1494 (The Statue of Snow)

by Sharon Ashton

One winter, when a great deal of snow fell in Florence, [Piero de’ Medici] had him make in his courtyard a statue of snow, which was very beautiful. Giorgio Vasari 

Snow swirls down across the slow grey Arno,
blankets the city, stifles its stench, drifts
between arches and softens the square stone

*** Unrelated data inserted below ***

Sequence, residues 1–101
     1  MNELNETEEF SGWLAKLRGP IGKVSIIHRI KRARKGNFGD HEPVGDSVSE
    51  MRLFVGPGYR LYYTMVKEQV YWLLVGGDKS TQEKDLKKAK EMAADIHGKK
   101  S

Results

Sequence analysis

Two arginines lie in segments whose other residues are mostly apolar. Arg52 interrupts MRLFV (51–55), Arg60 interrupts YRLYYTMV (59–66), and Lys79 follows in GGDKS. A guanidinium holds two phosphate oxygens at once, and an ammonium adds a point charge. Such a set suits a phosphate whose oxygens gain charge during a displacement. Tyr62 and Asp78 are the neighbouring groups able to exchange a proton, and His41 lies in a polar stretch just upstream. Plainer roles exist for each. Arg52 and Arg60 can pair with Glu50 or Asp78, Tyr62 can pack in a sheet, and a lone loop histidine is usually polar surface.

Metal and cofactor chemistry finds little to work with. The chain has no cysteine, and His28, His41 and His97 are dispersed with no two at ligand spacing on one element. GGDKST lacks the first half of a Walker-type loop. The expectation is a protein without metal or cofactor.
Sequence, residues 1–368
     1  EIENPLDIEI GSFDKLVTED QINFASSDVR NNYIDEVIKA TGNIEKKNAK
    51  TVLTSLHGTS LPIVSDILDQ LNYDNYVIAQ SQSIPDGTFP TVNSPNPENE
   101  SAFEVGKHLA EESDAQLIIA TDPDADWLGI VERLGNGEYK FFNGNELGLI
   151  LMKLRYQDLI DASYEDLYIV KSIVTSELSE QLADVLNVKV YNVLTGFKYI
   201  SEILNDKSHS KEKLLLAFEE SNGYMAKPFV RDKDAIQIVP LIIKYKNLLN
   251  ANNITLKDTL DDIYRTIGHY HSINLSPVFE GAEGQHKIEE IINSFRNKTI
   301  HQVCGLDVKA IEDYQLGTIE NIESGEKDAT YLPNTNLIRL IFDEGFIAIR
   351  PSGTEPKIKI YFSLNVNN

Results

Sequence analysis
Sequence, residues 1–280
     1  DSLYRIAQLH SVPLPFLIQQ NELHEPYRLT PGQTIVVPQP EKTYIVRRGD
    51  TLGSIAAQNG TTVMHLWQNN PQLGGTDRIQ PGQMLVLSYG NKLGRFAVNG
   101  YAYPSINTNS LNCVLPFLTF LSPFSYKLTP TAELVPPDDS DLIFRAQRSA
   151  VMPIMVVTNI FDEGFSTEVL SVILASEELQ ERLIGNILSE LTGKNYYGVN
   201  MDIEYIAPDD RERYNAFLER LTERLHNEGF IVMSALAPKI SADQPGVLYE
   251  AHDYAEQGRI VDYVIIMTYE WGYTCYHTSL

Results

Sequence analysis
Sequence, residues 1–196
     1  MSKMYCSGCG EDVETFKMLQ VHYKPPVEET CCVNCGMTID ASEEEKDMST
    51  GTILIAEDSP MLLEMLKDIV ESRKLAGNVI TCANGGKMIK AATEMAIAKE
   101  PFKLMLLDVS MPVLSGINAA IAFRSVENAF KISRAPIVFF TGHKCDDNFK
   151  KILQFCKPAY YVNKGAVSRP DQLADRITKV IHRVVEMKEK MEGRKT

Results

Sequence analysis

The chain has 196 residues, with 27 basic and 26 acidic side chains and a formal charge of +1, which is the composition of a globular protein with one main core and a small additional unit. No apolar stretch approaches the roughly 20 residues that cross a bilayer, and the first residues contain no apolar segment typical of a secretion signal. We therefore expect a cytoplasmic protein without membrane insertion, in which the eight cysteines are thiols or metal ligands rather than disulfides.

palazzo, where a sculptor  is carving, 
teasing and half-releasing from crystals,  
the muscles, sinews, veins and bones of an
angel; its genitals so true, boys jeer
and mothers cover the eyes of daughters…

Michelangelo fulfils a duty,
and Piero de Medici takes all
the glory for Florence made more lovely─
until the thaw, when whores alone, pinning
coils of hair by shifting candlelight, pause,
to dream of a man awakened from snow.